“Facebook is biased against facts and journalism”: Maria Ressa, Nobel Peace Prize Laureate
Maria Ressa, the journalist who shared the Nobel Peace Prize this year with Russian journalist Dmitry Murtov, criticized Facebook for an algorithm that “actually promotes lies mixed with anger and hate that spread faster than the facts. “.
Ressa, a former CNN journalist and CEO of Rappler, an independent media outlet in the Philippines, received the Nobel Peace Prize for his “efforts to protect freedom of expression, which is a prerequisite for democracy and lasting peace.”
Talk to Al Jazeera after receiving the Nobel Prize, Ressa lamented that the loss of news outlets’ “powers of control” over social media platforms had made the facts questionable. âBecause facts and lies are treated equally. When the facts are debatable, then you don’t have the facts, you don’t have the truth, and you cannot be trusted. Without all of these things, you don’t have a shared reality, you can’t have democracy, and certainly no meaningful human commitment to deal with the existential issues we face – the climate, the coronavirus. “
This comes in the wake of Frances Haugen, a former Facebook product manager who became a whistleblower and sharing information with the the Wall Street newspaper that the social media giant “optimizes content that generates engagement”, turning a blind eye to the hate speech provoked by its platforms.
Instead of containing offensive posts, Haugen said, Facebook has made a profit on content that angers people because it increases their time on site. Such content ranges from ethnic violence against minority groups, such as the Rohingya in Myanmar, to the appearance of adolescent body complexes on Instagram. Haugen then appeared before the US Congress and put forward the need to regulate Facebook and its family of apps.
Reflecting similar sentiments to Haugen’s, Ressa said in a 2019 Q&A, â[Facebook] pitched news into the same algorithms that were designed to appeal to the worst of human nature, the sort of thing we sometimes even hide from ourselves. These algorithms were designed to keep you there for as long as possible.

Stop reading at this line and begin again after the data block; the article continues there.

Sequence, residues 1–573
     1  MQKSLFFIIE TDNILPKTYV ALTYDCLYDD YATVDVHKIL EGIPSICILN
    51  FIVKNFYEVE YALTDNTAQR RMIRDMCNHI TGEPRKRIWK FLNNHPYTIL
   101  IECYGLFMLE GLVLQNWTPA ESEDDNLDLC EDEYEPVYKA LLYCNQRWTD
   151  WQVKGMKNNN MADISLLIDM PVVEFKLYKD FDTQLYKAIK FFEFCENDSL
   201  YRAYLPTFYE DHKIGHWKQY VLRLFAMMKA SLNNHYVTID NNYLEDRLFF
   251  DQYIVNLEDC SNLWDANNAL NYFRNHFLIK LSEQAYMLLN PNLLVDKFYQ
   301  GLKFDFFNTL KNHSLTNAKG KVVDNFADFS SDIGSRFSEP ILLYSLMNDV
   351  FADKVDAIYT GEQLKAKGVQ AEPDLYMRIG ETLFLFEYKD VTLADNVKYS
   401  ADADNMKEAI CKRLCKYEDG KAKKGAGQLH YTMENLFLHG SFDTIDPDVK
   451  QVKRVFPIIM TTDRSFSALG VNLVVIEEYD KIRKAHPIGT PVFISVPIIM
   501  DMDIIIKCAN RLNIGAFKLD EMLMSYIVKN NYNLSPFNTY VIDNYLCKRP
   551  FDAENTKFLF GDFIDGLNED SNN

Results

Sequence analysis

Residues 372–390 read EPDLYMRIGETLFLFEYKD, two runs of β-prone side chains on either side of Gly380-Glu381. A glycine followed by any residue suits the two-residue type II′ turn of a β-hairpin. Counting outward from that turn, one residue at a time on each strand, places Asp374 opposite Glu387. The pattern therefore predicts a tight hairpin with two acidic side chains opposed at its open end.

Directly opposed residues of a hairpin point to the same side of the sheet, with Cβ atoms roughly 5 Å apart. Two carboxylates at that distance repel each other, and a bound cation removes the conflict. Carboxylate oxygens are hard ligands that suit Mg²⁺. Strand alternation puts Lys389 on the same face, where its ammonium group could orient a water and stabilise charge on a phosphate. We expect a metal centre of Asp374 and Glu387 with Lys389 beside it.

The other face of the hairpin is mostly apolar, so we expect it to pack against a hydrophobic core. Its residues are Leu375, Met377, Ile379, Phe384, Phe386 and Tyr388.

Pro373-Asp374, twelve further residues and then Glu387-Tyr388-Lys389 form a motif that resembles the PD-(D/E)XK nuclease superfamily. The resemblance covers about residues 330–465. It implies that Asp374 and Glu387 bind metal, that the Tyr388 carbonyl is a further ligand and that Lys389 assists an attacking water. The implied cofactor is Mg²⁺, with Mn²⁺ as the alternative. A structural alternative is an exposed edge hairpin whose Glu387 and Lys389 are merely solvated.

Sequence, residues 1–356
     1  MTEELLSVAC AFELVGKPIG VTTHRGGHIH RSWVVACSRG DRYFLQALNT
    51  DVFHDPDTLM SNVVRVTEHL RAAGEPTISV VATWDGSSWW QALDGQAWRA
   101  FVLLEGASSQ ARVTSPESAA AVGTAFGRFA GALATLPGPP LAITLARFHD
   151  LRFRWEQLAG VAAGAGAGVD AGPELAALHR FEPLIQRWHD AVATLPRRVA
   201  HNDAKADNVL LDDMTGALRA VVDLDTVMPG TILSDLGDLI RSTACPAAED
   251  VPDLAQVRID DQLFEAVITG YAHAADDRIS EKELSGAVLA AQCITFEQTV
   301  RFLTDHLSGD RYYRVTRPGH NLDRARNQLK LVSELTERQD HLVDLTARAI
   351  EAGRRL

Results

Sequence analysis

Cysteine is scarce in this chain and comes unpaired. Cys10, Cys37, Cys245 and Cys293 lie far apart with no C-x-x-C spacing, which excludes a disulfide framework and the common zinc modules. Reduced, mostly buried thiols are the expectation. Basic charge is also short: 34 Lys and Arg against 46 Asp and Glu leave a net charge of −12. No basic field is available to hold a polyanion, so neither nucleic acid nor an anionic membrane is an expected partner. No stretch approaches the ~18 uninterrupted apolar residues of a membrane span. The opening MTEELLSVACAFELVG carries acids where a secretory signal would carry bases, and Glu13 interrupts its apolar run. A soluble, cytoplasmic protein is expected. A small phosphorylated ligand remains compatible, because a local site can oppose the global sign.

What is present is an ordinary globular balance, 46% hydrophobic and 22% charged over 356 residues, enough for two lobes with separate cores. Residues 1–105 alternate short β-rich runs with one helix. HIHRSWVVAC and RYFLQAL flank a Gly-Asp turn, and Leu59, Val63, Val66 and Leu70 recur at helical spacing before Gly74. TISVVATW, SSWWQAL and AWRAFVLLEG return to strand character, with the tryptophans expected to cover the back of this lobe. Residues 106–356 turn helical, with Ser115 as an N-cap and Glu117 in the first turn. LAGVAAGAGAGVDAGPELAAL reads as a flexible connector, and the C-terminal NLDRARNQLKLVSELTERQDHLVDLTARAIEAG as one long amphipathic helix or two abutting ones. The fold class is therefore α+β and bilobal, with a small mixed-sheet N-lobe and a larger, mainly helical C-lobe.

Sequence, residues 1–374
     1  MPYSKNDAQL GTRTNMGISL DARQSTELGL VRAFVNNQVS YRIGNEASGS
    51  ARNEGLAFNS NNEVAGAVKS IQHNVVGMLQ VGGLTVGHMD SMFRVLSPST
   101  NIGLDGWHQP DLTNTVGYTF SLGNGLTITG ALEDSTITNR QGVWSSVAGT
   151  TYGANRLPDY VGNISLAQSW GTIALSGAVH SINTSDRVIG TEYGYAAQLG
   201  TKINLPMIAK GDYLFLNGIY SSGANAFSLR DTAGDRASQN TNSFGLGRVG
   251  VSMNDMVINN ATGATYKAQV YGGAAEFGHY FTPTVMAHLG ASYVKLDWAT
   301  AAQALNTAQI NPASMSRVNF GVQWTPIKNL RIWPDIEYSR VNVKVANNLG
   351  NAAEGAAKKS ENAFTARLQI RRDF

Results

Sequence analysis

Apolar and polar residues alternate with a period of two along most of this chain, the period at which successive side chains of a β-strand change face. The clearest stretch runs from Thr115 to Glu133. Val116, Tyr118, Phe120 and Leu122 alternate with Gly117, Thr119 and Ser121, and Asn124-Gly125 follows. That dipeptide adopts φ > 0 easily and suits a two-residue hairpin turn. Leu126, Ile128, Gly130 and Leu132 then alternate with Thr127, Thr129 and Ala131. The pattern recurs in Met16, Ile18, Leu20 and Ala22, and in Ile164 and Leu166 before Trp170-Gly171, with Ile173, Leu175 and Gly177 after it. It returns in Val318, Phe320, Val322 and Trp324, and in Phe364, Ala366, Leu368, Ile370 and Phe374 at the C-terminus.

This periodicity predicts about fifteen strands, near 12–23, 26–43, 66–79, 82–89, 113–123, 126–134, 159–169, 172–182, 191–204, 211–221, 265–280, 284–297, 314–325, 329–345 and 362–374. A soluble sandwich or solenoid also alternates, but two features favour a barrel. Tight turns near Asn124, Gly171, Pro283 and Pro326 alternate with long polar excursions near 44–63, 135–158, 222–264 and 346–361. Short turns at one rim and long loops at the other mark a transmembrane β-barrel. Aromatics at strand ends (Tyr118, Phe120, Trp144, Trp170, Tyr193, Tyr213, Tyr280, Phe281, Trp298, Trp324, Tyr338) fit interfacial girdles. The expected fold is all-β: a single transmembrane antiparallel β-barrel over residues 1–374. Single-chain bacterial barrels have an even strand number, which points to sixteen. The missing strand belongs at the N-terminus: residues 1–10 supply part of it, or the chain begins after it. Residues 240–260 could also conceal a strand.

Ressa founded Rapper, in 2012, and gained ground on Facebook. However, Rapper was also the target of organized attacks on the social media platform during the Philippine presidential elections of 2016. In the 2019 Q&A posted by CIGI, Ressa had described how under Philippine President Rodrigo Duterte the social media campaigns and accounts “that were used to help Duterte win the presidency were then militarized and used as a place where disinformation went viral. “. Ordinary people, journalists, news groups and opposition politicians have all been attacked, she noted.
Ressa added that she gathered a list of fake Facebook accounts and approached the social media giant to take action. However, although the people she met at the company were shocked, they “didn’t know what to do.”
Recently, in a lengthy Facebook post, Zuckerberg passed the buck on lawmakers and said it was their responsibility to update social media regulations.
Ressa, however, had said in 2019 that she believed that “the only people who can fix this problem for us are social media technology platforms.”
Ressa’s Nobel Peace Prize comes at a time when journalists around the world who do not conform to the ideology of power ruling in their respective countries are routinely persecuted and declared anti-national.
At least 30 journalists were killed around the world in 2020, according to a report by the Committee to Protect Journalists, with the highest number of retaliatory killings reported in countries like Mexico, Afghanistan and the Philippines.